The federal government can and should play a much bigger role in helping American companies regain the lead in manufacturing. We need to invest a commensurate amount of federal R&D dollars in advanced manufacturing technologies as we do in other areas of science, technology, and engineering.
The last administration created an assistant secretary for manufacturing in the Commerce Department, but that position really didn’t come with any significant resources, and that’s still true. There is some government investment in manufacturing R&D. For example, the National Institute of Standards and Technology has some manufacturing research centers. But most of the NIST programs are focused on remedial programs for small manufacturers and not developing game-changing technologies and getting them embedded in our whole supply chain.
By game-changing technologies, I mean new process tools like high-performance supercomputing technology for modeling and simulation, laser-based tools, and ultra-sophisticated smart materials that can self-assemble. These technologies are being pioneered by the Department of Energy’s national laboratories, in partnership with companies such as Boeing, DreamWorks, Pixar, Pratt & Whitney, Ford, and Procter & Gamble. They have the potential to transform the competitiveness of America’s manufacturing sector by radically reducing costs and increasing productivity and turbo-charging innovation.
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This Topic: Does the U.S. Need a Manufacturing Sector?
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Is Washington the Solution or the Problem?
- Stephen R. Hardis: Beware of Gov’t Solutions for America’s High Tech Sector
- David A. Patterson: Revamping DARPA Is Vital to Preserving the U.S. Lead in IT
- Deborah L. Wince-Smith: Washington Must Help U.S. Regain the Lead in Manufacturing
- Robert H. Hayes: Gov’t Should Enlist Foreign Companies’ to Rebuild America’s Industrial Infrastructure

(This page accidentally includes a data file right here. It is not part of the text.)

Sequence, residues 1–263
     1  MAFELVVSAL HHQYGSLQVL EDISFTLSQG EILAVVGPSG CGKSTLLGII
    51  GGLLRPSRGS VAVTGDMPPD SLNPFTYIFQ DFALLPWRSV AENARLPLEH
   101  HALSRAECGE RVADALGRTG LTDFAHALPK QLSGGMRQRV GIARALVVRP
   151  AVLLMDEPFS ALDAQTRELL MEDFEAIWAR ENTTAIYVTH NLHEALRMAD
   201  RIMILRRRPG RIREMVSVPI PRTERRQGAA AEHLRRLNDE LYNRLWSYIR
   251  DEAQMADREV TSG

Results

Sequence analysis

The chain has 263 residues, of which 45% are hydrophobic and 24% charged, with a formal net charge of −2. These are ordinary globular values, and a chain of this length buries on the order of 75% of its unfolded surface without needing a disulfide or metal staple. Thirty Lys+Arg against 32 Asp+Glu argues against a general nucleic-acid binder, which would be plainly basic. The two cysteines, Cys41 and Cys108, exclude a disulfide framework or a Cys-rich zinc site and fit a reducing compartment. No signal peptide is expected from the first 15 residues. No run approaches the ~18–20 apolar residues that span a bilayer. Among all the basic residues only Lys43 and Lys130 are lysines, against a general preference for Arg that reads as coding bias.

The DOE labs and university supercomputing centers represent unique assets that no other country in the world can duplicate. But we’ve got to get these technologies in the hands of entrepreneurial firms and small manufacturing businesses — and embed advanced processes throughout the supply chain. We’ve got to have more public-private collaborations to enable U.S. companies to take advantage of these technologies and capabilities. And we have to invest more in the underlying computational science and software systems that enable continuous improvement and widespread deployment of these capabilities.
Ray Orbach, the DOE’s undersecretary for science in the Bush administration, was trying to do this, and Steve Chu, the current energy secretary, has indicated that he, too, wants to expand industry’s access to these facilities.
Washington also can make the U.S. a more attractive place for manufacturers by doing the following:
Taxes and regulation. The U.S. has the second-highest corporate tax rate in the world, which is a deterrent to where companies choose to manufacture. Complex regulations are also an issue. We have to strike a balance between having good regulations for product safety and making regulations so onerous and manipulative that they become a feeding trough for trial lawyers. We’re spending 2% of GDP on tort payoff; there’s no advanced industrial economy in the world that’s anywhere close to that.
Workforce training. The Labor Department is spending billions of dollars on workforce development, and a lot of those resources are being used to train people for the jobs that are being commoditized. Instead, the funds should be devoted to training people for the jobs of the future.
Education. In the 21st century, talent is the equivalent of oil in the 20th century. Ensuring that more American kids are proficient throughout their lives in math and science is one piece of it. The other is recognizing that our entrepreneurial culture and a lot of our talent and creativity depend on an educational system that fuses math, science, and engineering with the arts, social sciences, and humanities. The Naval Academy’s curriculum is a model. Such training will provide the American workforce with the technical and people skills —l with the judgment and insights — they’ll need to operate the factories of the future.
The U.S. economy is approaching a critical juncture with long-term implications for our future prosperity. Without public-private sector collaboration and a dramatic shift in how we approach manufacturing, the United States is in danger of conceding its leadership position in the global economy.
Deborah L. Wince-Smith
Council on Competitiveness